Samsung introduced a Quad-HD (2560x1440) display in the Galaxy S6, and that hasn’t changed here. It’s still 5.1in on the diagonal, which is just the right size for a useful screen area for playing games and watching media without the handset being too unwieldy, and it still has that crazy 577ppi pixel density, which basically means images and text are super-sharp. While full-HD is sufficiently clear, Quad-HD offers an amazing experience - if you haven’t seen the difference for yourself we urge you to do so in-store.
Samsung is well known for its Super AMOLED displays, which in comparison to the more typical IPS panels offer rich, saturated colours and great contrast, with deep blacks and ‘Vanish’ whites. It’s also more energy-efficient, with no backlight required.
Even with the curved screen viewing angles are every bit as good as they are in the Galaxy S6 (which is pretty good), and it’s incredibly bright, which makes viewing even in direct sunlight easy. The Galaxy S7 handles auto-brightness with a new feature called Personalised Automatic Brightness Control. This remembers your preferences at various levels of ambient light, then ties those settings to the current reading from its ambient light sensor.
An addition to the screen tech is the always-on display. Apparently, whether or not we are aware of it, we each check our phones several hundred times a day. By displaying the information we need on the screen at all times we don't need to wake the screen to read it, which saves time and power. This could well be a handy addition for some people, but it's perhaps not worthy of the hype it’s received - it doesn't give enough information to stop you needing to wake the screen altogether.
The always-on display can be switched on or off in the Settings, but don’t turn it off because you’re concerned about battery life - it uses an incredibly small amount. When turned on by default it places the clock, date and battery percentage on the screen in standby mode. Also here you’ll receive notifications of missed calls and texts but, oddly, not emails (even when you’re using Samsung’s own Email app) or social media notifications. We hope that’s coming in a later update.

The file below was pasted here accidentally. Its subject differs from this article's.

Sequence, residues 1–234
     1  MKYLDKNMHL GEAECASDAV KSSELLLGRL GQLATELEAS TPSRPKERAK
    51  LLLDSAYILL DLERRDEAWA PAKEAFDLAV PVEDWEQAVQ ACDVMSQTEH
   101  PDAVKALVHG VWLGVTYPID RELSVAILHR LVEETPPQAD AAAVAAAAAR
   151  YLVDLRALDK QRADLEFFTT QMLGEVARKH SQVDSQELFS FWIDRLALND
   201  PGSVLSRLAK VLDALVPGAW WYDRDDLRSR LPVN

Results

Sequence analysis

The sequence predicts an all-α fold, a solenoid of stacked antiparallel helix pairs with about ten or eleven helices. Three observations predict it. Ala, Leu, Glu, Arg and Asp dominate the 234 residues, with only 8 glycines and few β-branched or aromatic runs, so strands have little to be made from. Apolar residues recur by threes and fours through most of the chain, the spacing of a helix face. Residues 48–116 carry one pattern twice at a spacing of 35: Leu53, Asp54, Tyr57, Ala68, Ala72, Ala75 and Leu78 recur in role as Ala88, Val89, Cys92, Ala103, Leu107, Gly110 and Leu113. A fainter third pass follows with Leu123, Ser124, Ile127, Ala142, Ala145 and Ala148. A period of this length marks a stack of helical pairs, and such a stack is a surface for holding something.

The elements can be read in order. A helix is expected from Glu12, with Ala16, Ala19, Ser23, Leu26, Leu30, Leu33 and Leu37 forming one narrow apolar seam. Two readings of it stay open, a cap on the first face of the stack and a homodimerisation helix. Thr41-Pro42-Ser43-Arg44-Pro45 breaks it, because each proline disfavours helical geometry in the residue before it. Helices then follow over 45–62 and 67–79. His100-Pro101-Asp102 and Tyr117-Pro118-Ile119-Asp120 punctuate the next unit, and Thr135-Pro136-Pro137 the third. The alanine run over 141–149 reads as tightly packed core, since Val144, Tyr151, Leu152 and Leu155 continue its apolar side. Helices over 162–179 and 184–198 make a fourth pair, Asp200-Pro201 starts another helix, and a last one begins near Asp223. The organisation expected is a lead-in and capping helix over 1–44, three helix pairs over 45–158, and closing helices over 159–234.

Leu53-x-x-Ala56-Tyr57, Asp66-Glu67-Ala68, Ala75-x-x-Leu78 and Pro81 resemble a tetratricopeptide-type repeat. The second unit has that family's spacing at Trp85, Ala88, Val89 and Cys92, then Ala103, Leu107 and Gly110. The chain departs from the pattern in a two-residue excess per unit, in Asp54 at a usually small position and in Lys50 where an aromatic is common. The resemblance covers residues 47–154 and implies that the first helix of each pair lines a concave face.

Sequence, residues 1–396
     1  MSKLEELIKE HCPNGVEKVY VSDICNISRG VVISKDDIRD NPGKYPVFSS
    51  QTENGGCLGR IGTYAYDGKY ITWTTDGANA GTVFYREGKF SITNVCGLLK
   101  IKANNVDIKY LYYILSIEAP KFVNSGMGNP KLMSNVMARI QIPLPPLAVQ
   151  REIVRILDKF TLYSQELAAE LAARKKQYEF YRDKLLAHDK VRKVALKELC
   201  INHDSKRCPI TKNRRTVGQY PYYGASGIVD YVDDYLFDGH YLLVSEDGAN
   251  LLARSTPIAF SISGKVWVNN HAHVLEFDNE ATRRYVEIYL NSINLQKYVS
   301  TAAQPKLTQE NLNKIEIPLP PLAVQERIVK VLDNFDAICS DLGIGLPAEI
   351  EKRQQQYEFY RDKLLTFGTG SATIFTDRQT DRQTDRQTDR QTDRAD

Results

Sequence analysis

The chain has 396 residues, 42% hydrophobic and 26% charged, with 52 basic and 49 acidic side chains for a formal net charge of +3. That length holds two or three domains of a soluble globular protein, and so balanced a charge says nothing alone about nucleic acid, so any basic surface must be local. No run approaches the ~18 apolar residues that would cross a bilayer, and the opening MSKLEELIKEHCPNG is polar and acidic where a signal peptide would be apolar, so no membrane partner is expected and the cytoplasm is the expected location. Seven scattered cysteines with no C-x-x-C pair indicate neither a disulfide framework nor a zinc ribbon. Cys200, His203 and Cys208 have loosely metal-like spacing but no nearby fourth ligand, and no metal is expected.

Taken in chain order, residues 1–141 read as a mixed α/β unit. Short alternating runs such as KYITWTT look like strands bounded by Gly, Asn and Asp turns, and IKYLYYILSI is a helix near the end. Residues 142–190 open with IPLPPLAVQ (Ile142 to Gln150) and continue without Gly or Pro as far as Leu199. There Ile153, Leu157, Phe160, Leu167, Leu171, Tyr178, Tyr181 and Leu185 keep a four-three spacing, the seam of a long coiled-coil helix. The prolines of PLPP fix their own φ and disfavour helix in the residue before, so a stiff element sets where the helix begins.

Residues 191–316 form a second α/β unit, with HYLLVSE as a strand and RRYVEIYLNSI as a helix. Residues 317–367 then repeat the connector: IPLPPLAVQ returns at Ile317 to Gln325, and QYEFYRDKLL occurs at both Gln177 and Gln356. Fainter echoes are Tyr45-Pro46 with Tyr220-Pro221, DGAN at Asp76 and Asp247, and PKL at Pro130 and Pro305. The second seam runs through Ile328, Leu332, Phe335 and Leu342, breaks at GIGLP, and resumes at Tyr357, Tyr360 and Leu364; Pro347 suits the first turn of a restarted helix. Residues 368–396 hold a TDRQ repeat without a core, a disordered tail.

In the Settings you can tweak the always-on display to choose a different clock face or apply a background wallpaper for a splash of colour. Or you can opt to see a calendar or an image rather than the clock, neither of which we’d really want to do. See all Android phone reviews.
One problem with the always-on display is that it is bright enough to draw attention to fingerprints, but not bright enough to make them disappear. Conversely, the rear glass panel shows fewer fingerprints than did the Galaxy S6’s mirror-finish rear.
We also find the way the clock face randomly moves across the screen irritating. We realise there’s probably a very good reason for this, such as to prevent screen burn, but when the clock sits a few millimetres off-centre our OCD is at breaking point.
Update October 2016: Samsung is rolling out an update to the Galaxy S7 and Galaxy S7 edge that includes the new features introduced by the Note 7’s always-on display (before it was discontinued). These include a new calendar option, a new digital clock to which you can add a custom text signature, the ability to show the current music track, and some enhancements to battery usage that see the always-on display consume just 1% per hour. You can update to version 1.4.02 of the Always on Display in the Galaxy Apps store, or by tapping Settings, Display, Always On Display, About Always on Display, Update.